A cost-effective method to reduce the risk, i.e. mobility and bioavailability, of metals in a contaminated site is to apply in situ stabilization techniques, keeping the soil on site.  We are examining the feasibility of adding chemical amendments, both metallic iron and phosphate, to simultaneously decrease uranium, arsenic, and vanadium released from an abandoned mine waste site near Native American Southwestern Communities.  The addition of the chemical amendments will be experimentally studied in confined pot trial in the laboratory.  Pore water samples (analogue to ground water) will be routinely collected and analyzed from the trial pots to assess the released of uranium, arsenic and vanadium before and after the chemical amendment.  Changes in the metals partitioning of the mine waste after chemical amendment addition will be followed as well using advanced spectroscopic methods.

Roland Horne and Anna Suzuki—SESUR or SURGE

Characterization of 3D Printed Fracture Network

Fractures in deep rocks represent only pathway for groundwater flow, which is essential for several appreciations, such as geothermal and petroleum engineering, nuclear waste repositories, environmental remediation.  As complex fracture distributions are not accessible directly but only at their intersections with boreholes or outcrops, understanding and quantifying the fracture geometry using limited data remains the main task for reservoir engineering.  Tracer testing provides a valuable diagnostic service for measuring hydraulic properties and may obtain inter-well information directly controlled by the fracture geometries between the wells.  A series of geophysical investigations have confirmed that subsurface fracture networks can commonly be described by fractal geometry.  Fractal geometry is a branch of mathematics and has great potential for characterising and simulating the geometry of complex shapes.  One of promising model to analyse mass transport based on fractal geometries can reproduce anomalous tracer behavior often obtained from fractured reservoir.  If the tracer analysis model can provide useful information to evaluate fracture geometries using tracer responses, it will contribute to estimate geological and physical structures in a fractured reservoir.  The summer student will help to clarify the unknown quantitative relationship between the tracer response and the mass transport model by conducting tracer experiment in laboratory.  3D printed fracture network samples based on fractal geometry will be designed and used for tracer flow test.  Student will learn to work with designing 3D model for 3D printing and conducting flow experiments, and will gain knowledge of fluid flow in fractured rocks.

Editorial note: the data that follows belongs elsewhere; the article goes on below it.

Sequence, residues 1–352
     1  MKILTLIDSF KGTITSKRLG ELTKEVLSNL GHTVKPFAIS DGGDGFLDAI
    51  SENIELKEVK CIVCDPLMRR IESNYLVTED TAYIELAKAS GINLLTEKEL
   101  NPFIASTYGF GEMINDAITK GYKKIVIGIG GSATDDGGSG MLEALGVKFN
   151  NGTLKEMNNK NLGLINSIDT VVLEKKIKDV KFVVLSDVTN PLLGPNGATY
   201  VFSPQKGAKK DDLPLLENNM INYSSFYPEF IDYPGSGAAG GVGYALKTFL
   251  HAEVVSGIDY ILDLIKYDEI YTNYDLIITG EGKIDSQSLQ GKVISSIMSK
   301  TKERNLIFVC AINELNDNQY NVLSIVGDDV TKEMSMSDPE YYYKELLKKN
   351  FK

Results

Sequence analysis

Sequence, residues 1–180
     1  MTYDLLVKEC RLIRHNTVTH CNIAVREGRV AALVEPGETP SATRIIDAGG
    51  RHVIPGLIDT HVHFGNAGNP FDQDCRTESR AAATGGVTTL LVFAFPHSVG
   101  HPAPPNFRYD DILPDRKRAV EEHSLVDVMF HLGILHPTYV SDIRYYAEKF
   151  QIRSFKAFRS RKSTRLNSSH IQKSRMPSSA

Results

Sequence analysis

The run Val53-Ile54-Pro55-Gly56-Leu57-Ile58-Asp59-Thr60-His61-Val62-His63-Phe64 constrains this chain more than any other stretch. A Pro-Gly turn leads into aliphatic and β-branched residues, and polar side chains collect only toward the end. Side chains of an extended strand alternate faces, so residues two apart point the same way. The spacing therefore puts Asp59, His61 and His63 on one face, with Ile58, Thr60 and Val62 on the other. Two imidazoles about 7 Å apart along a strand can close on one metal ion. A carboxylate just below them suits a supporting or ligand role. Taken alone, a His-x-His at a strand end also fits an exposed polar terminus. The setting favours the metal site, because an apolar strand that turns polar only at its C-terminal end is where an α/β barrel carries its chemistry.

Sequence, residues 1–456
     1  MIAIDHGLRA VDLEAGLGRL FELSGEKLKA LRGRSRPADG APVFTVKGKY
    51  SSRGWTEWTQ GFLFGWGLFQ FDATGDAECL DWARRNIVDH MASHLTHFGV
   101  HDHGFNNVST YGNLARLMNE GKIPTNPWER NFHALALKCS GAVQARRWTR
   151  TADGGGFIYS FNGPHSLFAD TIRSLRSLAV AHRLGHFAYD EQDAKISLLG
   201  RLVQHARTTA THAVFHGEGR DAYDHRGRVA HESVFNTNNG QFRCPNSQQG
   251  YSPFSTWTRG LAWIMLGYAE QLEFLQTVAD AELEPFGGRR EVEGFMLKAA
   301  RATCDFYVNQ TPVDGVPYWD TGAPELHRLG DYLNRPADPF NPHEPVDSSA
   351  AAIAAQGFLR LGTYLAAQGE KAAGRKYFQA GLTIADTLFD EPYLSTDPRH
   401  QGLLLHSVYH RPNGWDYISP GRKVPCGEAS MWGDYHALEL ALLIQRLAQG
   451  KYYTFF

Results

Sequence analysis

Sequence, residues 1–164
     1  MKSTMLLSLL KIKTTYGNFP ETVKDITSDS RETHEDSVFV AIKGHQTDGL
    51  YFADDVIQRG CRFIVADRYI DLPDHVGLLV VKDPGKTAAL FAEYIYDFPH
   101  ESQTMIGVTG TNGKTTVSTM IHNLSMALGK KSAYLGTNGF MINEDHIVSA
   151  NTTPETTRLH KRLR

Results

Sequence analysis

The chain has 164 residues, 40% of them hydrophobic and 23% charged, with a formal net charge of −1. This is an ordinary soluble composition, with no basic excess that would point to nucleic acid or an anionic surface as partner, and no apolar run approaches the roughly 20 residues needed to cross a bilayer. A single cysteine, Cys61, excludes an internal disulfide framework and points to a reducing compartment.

Paula Welander—SESUR or SURGE

The Role of Hopanoid and Sterol Lipids in Stress Survival of Methane Consuming Bacteria

Aerobic methanotrophic bacteria utilize oxygen to consume methane for growth and thus play a critical role in the global carbon cycle.  These organisms have been discovered in a variety of methane containing environments including freshwater, marine, terrestrial and even more “extreme” ecosystems such as hot springs, deep sea mud volcanoes, and Arctic ice lakes.  Although much effort has been put forth to study the phylogenetic diversity and metabolic aspects of aerobic methanotrophs from these diverse environments, very little is known about how these organisms are able to survive and thrive in their natural habitats. In this project, students will utilize molecular and physiological tools to explore the role hopanoid and sterol lipids have in stress survival in the alkaliphilic halotolerant methanotroph, Methylomicrobium alcaliphilum 20Z. Students will have exposure to a variety of techniques including bioinformatics, PCR, constructing gene deletions, bacterial growth experiments, and lipid analysis.  We are looking for students that are interested in microbiology and/or geobiology.  Prior lab experience would be a plus but not necessary.

David Lobell—SESUR or SURGE

Testing New Satellite Approaches to Crop Yield Mapping

A combination of new sensors and data processing platforms are opening up new opportunities for measuring and predicting crop yields from space. These estimates of yields can then be used to understand how crops respond to different management and environmental changes, and how to improve overall productivity of agriculture. In this project, the student will work on applying approaches developed for the US Corn Belt to other crops and regions, most likely wheat in the Great Plains and Northwest Mexico. The work will include running large numbers of simulations with crop models, interacting with Google’s Earth Engine Platform, and performing detailed tests against available ground-based measurements. Prior programming experience, especially in R or Javascript, is desired.

Eric Dunham and Kali Allison—SESUR or SURGE

Computer Science and Earthquakes